Our stones, our stories
- 9th June 2022
Working with the Jewellery Quarter Cemetries Project (part of the Jewellery Quarter Business Improvement District ) we are running an after-school Heritage Club based at the Jewellery Quarter Academy that includes youngsters from other local schools.
Running since early May 2022, we meet weekly to do a classroom session then a hands on session – generally go out to the local cemeteries – looking at the history of the cemeteries, the stones, the memorials, the people being commemorated (including their cultural in context) and the archaeology of the cemetery and stones.
By culture in context we mean that the people were from different cultures that they brought with them in the context of their new lives and the people around them.
Developing Birmingham invited progressive people. This development brought people from around the world to Birmingham, many of which ended up in cemeteries like the Key Hill and Warstone Lane cemeteries.
Note: Warstone Lane cemetery got it’s name from the large stone that was deposited at the top of the road just inside the are of the cemetery today. The stone (first recorded in 1390) is associated with the boundary of the district and such stones were used as levying points in times of war – hence the name Warstone.
What we do?
A typical afterschool club session is in two parts – a classroom session and an activity. The classroom sessions have included information about the local area of the Jewellery Quarter such as how the architecture of the buildings reflect the building use and the practical side of the work being done by the people that worked there and the people that lived and worked in the area and onto entering data gathered from the previous week into a database and a website created for the project.
We have had some great discussions with the youngsters about heritage, culture, commemoration, colonialism, context and community. One of the group’s practical sessions has been about recording oral histories from family members about what it was like to move to Birmingham and their earliest memories.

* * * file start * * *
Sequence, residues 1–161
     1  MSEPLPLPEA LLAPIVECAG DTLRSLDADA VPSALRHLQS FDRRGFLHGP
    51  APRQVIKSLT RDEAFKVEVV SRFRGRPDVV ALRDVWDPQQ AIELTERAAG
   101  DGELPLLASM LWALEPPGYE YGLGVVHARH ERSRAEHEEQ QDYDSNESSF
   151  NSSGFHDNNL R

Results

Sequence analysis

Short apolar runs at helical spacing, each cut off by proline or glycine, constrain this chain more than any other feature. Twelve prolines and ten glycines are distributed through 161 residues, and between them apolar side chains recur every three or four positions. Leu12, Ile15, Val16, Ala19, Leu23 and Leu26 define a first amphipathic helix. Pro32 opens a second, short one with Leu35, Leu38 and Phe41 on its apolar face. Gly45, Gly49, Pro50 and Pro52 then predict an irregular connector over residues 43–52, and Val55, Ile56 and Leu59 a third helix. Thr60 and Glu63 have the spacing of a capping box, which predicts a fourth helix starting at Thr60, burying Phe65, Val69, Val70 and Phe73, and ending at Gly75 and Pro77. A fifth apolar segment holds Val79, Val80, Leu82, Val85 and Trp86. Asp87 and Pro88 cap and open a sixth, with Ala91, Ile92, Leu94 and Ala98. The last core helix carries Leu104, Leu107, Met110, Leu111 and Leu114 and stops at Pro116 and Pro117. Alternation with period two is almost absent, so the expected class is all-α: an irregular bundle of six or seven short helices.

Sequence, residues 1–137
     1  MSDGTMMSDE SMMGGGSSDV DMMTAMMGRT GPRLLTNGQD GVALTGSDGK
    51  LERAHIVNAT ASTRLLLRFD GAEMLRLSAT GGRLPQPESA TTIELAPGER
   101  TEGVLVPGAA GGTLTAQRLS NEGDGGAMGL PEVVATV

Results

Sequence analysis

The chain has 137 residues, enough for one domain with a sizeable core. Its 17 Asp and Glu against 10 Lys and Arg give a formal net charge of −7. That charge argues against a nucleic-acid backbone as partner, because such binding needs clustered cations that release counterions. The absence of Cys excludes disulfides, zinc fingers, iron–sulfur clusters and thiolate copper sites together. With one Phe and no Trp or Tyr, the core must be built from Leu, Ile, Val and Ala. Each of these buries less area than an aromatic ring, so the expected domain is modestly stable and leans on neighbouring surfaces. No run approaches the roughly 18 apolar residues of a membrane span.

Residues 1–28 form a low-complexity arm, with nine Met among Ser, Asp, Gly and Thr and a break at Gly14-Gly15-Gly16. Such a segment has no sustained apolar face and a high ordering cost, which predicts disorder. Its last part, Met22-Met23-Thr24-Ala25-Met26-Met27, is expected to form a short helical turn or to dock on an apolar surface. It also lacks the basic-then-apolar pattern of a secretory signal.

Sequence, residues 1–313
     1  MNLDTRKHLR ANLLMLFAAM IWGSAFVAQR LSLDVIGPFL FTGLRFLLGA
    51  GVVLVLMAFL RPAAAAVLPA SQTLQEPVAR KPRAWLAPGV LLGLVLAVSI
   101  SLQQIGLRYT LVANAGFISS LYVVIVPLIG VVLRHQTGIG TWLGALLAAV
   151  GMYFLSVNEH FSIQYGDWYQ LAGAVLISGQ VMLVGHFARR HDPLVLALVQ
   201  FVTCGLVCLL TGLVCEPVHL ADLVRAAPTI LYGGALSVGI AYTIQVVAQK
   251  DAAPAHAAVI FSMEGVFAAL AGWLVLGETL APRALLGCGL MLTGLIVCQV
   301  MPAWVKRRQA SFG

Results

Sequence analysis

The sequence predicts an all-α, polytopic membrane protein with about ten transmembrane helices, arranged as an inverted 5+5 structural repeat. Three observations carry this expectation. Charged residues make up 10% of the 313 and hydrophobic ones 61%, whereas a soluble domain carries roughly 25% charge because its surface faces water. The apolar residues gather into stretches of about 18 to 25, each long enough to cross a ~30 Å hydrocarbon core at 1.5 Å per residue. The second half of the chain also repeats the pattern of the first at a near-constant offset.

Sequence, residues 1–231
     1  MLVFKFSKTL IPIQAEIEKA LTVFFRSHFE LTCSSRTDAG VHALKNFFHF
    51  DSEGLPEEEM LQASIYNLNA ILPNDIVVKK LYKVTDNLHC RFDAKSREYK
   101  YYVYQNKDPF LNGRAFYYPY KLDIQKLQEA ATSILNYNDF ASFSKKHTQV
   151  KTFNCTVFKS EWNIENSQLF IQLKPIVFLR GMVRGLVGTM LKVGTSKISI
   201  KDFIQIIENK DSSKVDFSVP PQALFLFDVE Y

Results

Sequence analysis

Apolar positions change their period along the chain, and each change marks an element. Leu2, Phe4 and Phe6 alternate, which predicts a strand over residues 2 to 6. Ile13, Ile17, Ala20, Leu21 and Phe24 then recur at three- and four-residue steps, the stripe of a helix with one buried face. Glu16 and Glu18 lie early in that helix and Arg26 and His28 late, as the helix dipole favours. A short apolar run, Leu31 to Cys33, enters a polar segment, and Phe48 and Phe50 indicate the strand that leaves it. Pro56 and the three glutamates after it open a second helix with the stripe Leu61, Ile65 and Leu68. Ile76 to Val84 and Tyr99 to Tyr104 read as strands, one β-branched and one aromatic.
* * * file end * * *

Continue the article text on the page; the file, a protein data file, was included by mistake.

Following the classroom session we do activities such as writing with dipping pens, how to record oral histories of family members, a tour of the Key Hill and Warstone Lane cemeteries, a tour of the Jewellery Quarter and how the buildings have changed use from factories and workshops (some of which still exist) to housing.
One of the cemetery tours looked at the memorials, the names and dates, and with the incredible stories from Rahma & Zak who talked to us about their research into some of the people (see the ‘Colonialism Connections’ tour).
After the June half-term break, we have engaged the youngsters in doing field archaeology …excavating, recording, photographing, reporting and presentation of the work.
We will be chosing a location to dig and explore if there is a buried stone, we will be recording those around it (what shape of the stone and the grave, what the inscription says and who was buried there), and basing a search on a geophysical map of the cemetery (a geophysical survey was carried out by the Jewellery Quarter Cemeteries Project so grave and stone locations could be identified) we will find the another stone to uncover.
What are the youngsters getting out of it?
The club attendees are telling their family stories about moving to or living in Birmingham and how they are getting a respect for each other and other people, particularly the people in the cemeteries who were people of Birmingham and though their stories or circumstances were sometimes tragic, sometimes awe-inspiring, they have a place in Birmingham’s history and heritage.
Have you got a project?
If you have a project you would like help with, we have the specialist staff and the resources to help you and the youngsters learn by getting involved.
Have a look at our working with us page for more information.